Friday, August 12, 2011

So much for Inerrancy

One of the constant themes I hear from anti-science folks is the inerrancy of the Bible. Not only is it the 'Word of God' but the word has been unchanged since . . . well some say 6,000 years, others are more honest and claim the beginning of the Universe, you know Young Earth Creationists and Old Earth Creationists.

When you dare to question this inerrancy one of the things mentioned in its defense is the Hebrew tradition of copying the Torah. Here, Wikipedia said it better:

"They are written using a painstakingly careful methodology by highly qualified scribes. This has resulted in modern copies of the text that are unchanged from millennia-old copies. It is believed that every word, or marking, has divine meaning, and that not one part may be inadvertently changed lest it lead to error. The fidelity of the Hebrew text of the Tanakh, and the Torah in particular, is considered paramount, down to the last letter: translations or transcriptions are frowned upon for formal service use, and transcribing is done with painstaking care. An error of a single letter, ornamentation, or symbol of the 304,805 stylized letters which make up the Hebrew Torah text renders a Torah scroll unfit for use, hence a special skill is required and a scroll takes considerable time to write and check."
I have heard of this tradition many times. However . . . the Associated Press (AP) today "In Jerusalem, scholars trace Bible's evolution" explains that the Hebrew tradition isn't nearly as precise as folks would like to believe. Over the past 53 years a group has been studying the Hebrew Bible, also know as the Old Testament of the Christian Bible, and they've discovered that is has changed and we aren't talking about just a word or two. A couple of the more interesting changes show that the Book of Jeremiah is longer today and a 'prophecy' was added after the events actually happened.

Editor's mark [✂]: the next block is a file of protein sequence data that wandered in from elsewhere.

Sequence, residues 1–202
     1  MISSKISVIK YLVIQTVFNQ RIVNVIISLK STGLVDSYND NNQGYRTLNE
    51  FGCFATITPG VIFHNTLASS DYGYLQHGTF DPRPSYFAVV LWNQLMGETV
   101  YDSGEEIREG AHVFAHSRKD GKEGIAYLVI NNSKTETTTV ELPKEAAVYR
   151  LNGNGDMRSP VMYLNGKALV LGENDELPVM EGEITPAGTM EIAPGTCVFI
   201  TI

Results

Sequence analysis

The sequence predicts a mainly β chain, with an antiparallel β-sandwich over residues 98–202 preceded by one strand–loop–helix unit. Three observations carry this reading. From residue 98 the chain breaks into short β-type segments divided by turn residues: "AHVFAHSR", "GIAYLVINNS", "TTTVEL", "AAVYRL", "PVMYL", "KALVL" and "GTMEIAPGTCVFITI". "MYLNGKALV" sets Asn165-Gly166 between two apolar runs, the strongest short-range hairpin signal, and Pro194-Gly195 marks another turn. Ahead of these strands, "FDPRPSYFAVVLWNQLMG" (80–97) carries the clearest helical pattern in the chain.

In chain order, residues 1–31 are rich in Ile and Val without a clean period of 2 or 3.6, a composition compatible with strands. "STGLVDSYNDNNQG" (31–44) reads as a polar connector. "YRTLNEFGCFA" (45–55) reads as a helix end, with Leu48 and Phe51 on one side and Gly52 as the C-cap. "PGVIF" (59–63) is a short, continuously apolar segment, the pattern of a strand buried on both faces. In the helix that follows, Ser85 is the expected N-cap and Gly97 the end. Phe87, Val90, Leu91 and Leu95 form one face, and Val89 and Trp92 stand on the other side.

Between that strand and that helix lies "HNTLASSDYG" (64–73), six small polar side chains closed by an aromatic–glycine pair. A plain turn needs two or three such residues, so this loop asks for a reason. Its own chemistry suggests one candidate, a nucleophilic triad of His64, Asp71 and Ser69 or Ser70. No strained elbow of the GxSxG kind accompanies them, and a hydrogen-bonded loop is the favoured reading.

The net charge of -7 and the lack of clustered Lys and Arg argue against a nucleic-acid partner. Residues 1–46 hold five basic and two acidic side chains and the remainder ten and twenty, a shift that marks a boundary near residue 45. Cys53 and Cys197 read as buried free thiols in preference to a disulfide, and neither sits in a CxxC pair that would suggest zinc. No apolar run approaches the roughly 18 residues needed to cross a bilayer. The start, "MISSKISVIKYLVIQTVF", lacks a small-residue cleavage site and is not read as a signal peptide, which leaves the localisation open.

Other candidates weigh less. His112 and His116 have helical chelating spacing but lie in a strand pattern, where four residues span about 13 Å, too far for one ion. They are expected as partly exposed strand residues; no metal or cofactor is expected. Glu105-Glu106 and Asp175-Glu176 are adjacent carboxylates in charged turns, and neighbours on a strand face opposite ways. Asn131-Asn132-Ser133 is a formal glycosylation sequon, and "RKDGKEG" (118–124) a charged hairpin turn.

Interesting article! I have said it many times since joining this political and cultural debate. The Bible may be a good book, it may even be a great book, but it certainly is not the only book! It's been written, re-written, translated, re-translated by men over the centuries. What is considered canon was decided in the First Council of Nicea (325), and has been changed in the many Ecumenical Councils since then, like the Council of Trent (1546) (Development of the Christian biblical canon). The most popular English version of the Bible was re-written in part by the direction of King James (Authorized King James Version).

Biblical inerrancy is a fun myth, but it's only a myth! Sorry to burst anyone's bubble -- but then having discussed this with a number of folks, I doubt I am going to make any believers change their mind, but with any luck a couple my just engage the brain a little bit.

1 comment:

  1. Overall, I would think that the Old Testament is much better preserved than the New. I might be wrong, but I suspect that whatever changes exist in the OT of today's Judeo-Christian Bible are almost entirely made by Christians, not the Jews. After all, the Jews aren't really all that interested in "proving" their beliefs to non-Jewish people. And I do not believe they have the desire to "update" their sacred writings in order to appeal to today's mores and attitudes.

    Christians have a long history of adapting Hebrew scripture to accommodate their need for "fulfilled prophecy" and also their need for God to be righteous and loving, not the temperamental, arbitrary and often genocidal tribal deity of the ancient Hebrews. And even when they don't change the wording outright, they deliberately misinterpret in order to justify their claims.

    "For if the truth of God hath more abounded by my lie unto his glory, why yet am I also adjudged a sinner?" – St. Paul, Romans 3:7